Freediving is not all about risks and extreme performances or even watching marine life. Freediving makes you happy, and that's all due to flow. Flow is the mental state of operation in which a person performing an activity is fully immersed in what he is doing. Remember last time you arrived at the bottom plate without even noticing it, wondering how time flew by so fast?
Time perception is different, the dive feels effortless and the productivity is optimal. Well-being is instantaneous. Flow is reached mostly in activities and sports where risks are involved, requiring an intense focus to fulfill the action. Therefore, flow is inherent to extreme sports such as base-jumping, highline, rock climbing, but also to freediving.
Flow was first studied and named by a psychologist from Hungary, Mihaly Csikszentmihalyi. According to him, it is a way to reach happiness and that’s why those who experienced it just keep going. “The best moments in our lives are not the passive, receptive, relaxing times… The best moments usually occur if a person’s body or mind is stretched to its limits in a voluntary effort to accomplish something difficult and worthwhile”. Mihaly Csikszentmihalyi may have been the first to describe this concept in Western psychology, he was most certainly not the first to quantify the concept of Flow. Eastern spiritual practitioners of Buddhism, Taoism, Hinduism, and Sufism have developed a very thorough and holistic set of theories around overcoming the duality of self and objects which is very similar to what you experience while practicing extreme sports.
More recently, some studies were conducted on Slackline practice (this line you set up between two points to walk and jump on it) in the French Alps by two researchers from Nice University, Marion Fournier and Rémi Radel. This study, helped demonstrate the principles of flow. Flow is a kind of trance you enter, similar to the one the Buddhist monks experience. This quasi-meditative state, makes the surroundings and the worries fade, giving another perception of the time. One minute is only a moment that passes with no beginning and no end as we perform the action. Therefore, 10 minutes spent on the slackline can feel like an instant or one hour. Same with your dive, 30 seconds or more of freefall can feel like a heartbeat.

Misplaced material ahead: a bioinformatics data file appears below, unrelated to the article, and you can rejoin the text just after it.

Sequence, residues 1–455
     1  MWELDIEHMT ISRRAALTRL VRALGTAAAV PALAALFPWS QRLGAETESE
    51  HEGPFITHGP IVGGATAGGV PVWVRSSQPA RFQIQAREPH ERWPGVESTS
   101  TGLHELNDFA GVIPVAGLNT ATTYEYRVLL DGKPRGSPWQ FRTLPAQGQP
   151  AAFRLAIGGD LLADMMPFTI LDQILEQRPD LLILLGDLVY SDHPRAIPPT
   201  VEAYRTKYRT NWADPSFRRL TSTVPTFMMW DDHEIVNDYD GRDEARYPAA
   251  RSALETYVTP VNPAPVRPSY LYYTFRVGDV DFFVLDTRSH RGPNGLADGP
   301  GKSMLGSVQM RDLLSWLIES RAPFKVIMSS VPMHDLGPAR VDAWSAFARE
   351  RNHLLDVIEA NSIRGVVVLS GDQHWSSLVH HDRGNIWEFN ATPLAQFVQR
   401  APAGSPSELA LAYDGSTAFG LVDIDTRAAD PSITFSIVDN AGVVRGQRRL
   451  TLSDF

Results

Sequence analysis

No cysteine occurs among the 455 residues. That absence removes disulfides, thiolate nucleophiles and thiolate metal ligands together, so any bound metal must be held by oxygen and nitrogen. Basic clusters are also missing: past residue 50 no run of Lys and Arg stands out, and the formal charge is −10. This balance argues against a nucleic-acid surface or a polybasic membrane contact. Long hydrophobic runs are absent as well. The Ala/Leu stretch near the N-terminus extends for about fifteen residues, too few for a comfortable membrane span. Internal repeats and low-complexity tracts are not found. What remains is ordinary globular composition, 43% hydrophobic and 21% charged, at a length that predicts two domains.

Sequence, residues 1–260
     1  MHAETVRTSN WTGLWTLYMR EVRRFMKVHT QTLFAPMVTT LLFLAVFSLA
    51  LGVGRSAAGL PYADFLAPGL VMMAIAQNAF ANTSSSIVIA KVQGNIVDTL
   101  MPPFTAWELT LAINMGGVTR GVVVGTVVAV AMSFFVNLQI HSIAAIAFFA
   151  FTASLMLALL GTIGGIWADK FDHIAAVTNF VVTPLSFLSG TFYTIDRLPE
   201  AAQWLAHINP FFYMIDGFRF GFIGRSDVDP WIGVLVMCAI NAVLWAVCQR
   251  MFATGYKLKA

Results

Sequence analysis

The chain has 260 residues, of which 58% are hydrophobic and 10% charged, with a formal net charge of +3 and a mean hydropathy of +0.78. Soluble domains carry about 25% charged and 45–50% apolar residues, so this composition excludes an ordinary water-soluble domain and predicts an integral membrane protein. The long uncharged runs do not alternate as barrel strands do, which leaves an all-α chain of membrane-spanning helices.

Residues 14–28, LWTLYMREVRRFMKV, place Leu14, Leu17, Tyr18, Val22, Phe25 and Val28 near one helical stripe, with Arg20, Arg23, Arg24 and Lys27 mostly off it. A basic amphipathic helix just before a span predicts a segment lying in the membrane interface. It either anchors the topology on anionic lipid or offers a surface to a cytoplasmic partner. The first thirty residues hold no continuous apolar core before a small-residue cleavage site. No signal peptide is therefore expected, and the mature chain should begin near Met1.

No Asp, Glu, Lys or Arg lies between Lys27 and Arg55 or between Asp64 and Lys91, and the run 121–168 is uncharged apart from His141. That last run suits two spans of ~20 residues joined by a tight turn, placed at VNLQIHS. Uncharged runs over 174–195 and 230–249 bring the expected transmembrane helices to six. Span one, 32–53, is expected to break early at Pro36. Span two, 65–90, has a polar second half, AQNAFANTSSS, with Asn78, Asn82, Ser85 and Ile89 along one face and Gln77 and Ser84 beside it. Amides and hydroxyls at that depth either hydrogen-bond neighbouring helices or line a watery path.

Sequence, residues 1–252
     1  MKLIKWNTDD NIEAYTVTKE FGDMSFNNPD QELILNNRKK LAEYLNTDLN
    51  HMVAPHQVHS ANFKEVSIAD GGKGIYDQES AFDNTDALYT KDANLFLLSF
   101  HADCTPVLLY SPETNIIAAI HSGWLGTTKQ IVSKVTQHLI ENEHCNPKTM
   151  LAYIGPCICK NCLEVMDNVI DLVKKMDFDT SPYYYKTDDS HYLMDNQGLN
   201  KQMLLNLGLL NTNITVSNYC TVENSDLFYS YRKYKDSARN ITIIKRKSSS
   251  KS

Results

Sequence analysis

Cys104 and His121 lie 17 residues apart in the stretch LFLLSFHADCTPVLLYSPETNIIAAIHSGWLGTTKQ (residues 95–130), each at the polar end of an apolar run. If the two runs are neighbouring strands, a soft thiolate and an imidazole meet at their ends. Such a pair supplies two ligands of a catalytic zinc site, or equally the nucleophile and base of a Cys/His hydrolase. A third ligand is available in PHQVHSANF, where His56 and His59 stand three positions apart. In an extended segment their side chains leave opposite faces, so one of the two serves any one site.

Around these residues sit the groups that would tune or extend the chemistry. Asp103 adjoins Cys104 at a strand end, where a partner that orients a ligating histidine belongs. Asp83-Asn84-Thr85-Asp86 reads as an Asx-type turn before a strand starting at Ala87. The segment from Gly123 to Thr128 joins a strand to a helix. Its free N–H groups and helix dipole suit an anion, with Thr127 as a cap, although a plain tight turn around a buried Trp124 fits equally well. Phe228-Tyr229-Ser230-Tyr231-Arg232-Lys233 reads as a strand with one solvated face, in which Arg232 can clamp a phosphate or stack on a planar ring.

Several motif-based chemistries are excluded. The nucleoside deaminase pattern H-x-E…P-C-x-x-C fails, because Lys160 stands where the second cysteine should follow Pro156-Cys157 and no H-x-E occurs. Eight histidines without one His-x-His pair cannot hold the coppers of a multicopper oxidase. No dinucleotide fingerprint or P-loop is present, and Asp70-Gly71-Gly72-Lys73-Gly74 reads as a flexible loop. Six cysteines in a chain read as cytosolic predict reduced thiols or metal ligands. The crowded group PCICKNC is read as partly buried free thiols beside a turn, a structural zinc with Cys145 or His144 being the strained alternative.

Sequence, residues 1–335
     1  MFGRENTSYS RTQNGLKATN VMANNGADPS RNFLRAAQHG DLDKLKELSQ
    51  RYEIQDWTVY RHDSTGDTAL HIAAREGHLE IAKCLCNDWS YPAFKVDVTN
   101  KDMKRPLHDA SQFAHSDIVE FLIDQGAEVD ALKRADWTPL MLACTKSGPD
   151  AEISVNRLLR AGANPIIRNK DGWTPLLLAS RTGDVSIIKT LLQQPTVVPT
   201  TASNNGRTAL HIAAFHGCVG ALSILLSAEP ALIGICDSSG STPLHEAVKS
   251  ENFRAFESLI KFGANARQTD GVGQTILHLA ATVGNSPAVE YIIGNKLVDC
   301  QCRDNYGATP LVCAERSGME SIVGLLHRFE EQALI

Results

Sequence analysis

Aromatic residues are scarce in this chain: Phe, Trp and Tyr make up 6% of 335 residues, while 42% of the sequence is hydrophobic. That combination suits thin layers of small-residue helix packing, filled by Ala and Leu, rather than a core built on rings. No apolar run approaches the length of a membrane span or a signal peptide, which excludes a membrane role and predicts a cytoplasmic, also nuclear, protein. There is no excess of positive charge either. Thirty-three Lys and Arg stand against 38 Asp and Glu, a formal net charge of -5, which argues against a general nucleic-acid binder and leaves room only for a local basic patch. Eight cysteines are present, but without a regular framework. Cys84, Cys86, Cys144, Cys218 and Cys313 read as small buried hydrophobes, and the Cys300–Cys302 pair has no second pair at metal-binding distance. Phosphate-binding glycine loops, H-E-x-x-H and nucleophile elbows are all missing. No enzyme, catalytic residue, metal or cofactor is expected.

In flow, the emotions are not just contained and channeled, but positive, energized, and aligned with the task at hand. The focus is on the action. A feeling of transcendence takes over and you find your inner peace. Nothing matters anymore but the action, without particular awareness of this phenomenon. It is a kind of escape from reality (but in a positive way in opposition to a destructive escape that you can experience by taking some drugs). The Formula One driver Ayrton Senna, during qualifying for the 1988 Monaco Grand Prix, explained: “I was already on pole, […] and I just kept going. Suddenly I was nearly two seconds faster than anybody else, including my teammate with the same car. And suddenly I realized that I was no longer driving the car consciously. I was driving it by a kind of instinct, only I was in a different dimension. It was like I was in a tunnel”
Does that sound familiar to you? Did you ever experience what some refer to as a perfect dive, even on a PB attempt or a challenging dive which felt soooooo easy? You might have just experienced flow. To conclude, the “Flow sports” allow us to escape worries and concerns, to live fully but healthily, so just keep practicing freediving and other flow sports such as slackline and rock climbing. It is good, not only for your body but for your mind.